Today I am struck by the way all the places and things in which the poet has heard God’s voice seem to pile up together, creating a sort of cacophony of imagery. Everything from rocks to chainsaws resounds with the voice of God, suddenly present and no longer silent.
But I wonder whether what has changed is not so much that God suddenly speaks, as that the hearer suddenly listens – really listens, attentively listens, receptive to what they may hear – and hears what has been there all along: the presence of God in every aspect of creation. Perhaps it is not so much that God does not speak and then suddenly God does, as that we do not hear and then suddenly we do.
I enjoy R.S. Thomas’ use of the word ‘vernacular’. The vernacular is often something you have to become attuned to, when you enter a new context or move to a new area. When I moved to Birmingham, I had to learn a new vernacular – the first time someone told me to “go left at the island” it took me a while to realise they meant what I would call a roundabout. And becoming a Christian has also required tuning in to a particular vernacular, in which all sorts of words – ‘offering’, ‘grace’, ‘saving’, ‘word’ – acquire a layer of meaning they did not have before.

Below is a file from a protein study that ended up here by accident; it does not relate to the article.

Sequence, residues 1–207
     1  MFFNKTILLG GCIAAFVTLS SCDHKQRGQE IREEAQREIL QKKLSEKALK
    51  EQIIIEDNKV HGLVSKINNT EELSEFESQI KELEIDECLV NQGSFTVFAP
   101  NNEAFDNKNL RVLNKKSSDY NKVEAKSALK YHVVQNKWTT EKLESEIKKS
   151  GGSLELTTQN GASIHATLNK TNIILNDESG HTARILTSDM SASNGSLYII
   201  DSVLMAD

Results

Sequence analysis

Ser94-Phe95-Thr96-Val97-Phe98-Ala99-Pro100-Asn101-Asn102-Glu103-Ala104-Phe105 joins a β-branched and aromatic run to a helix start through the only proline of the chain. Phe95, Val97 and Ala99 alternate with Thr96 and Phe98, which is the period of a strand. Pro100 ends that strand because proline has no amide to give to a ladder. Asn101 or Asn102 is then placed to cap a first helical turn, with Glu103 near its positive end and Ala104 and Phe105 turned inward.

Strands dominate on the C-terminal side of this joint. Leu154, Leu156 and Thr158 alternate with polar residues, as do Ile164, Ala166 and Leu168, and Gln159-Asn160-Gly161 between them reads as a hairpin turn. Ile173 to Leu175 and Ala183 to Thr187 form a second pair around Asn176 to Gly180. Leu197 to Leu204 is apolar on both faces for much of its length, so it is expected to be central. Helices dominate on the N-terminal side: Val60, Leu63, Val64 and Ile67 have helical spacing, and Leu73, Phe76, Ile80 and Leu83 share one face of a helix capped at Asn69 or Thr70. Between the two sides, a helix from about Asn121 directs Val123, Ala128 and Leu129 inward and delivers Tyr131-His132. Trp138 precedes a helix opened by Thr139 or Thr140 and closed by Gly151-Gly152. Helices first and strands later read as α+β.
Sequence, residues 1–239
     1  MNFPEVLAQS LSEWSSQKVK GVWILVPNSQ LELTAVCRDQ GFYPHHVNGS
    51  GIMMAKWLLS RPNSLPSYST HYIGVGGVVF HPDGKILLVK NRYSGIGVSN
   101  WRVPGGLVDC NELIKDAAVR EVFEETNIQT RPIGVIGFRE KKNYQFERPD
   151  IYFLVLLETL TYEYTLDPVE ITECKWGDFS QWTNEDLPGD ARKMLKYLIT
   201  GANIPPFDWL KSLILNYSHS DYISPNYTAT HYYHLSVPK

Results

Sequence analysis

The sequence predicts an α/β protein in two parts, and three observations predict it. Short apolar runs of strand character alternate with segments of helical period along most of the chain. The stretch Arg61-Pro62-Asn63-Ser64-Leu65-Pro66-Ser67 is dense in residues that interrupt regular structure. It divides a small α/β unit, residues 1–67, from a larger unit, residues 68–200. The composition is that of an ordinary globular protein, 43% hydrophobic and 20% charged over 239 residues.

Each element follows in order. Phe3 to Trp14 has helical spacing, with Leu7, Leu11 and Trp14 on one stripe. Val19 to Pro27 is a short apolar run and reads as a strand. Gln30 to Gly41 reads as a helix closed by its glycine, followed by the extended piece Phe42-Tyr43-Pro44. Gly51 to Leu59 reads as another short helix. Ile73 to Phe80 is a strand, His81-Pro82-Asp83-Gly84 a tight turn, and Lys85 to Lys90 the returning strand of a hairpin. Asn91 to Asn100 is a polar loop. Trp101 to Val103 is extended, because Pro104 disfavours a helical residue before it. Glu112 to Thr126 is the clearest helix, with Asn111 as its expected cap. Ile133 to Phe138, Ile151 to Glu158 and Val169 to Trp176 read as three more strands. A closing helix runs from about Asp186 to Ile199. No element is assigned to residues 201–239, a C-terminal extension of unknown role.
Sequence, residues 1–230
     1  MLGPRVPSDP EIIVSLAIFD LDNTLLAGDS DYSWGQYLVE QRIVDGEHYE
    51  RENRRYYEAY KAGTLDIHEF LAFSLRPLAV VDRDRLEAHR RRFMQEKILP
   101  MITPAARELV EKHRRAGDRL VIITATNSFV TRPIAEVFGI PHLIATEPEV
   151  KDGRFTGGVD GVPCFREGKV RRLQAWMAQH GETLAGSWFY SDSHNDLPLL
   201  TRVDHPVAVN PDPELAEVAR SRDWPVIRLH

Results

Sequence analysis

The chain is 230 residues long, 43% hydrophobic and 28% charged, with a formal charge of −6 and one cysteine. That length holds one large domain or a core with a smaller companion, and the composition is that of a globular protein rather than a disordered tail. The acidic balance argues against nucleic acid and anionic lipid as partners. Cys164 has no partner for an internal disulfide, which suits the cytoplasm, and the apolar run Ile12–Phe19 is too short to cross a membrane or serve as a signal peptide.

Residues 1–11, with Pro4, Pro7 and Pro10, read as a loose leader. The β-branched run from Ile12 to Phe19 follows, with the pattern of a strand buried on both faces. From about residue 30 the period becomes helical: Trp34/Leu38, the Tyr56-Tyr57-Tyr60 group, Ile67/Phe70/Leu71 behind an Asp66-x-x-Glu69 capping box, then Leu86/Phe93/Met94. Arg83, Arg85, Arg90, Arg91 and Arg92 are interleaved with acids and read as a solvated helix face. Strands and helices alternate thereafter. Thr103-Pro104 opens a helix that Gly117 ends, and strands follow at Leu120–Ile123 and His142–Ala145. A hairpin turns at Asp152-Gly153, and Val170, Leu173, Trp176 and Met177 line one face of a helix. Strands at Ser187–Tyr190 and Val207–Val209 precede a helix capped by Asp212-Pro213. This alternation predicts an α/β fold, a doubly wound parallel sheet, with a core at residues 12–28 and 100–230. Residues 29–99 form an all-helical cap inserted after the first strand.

God speaks, as Carys Walsh puts it, “in myriad ways” in and through the world we inhabit. One of the tasks of the Christian life is to cultivate the attitude of attentive listening, and willingness to hear and receive words which may be unexpected or disruptive, which enables us to tune in to God’s vernacular.
This year for #AdventBookClub we are reading “Frequencies of God: walking through Advent with R.S. Thomas” by Carys Walsh. Join the conversation on Twitter using #AdventBookClub or on Facebook by searching for the group ‘Advent Book Club’.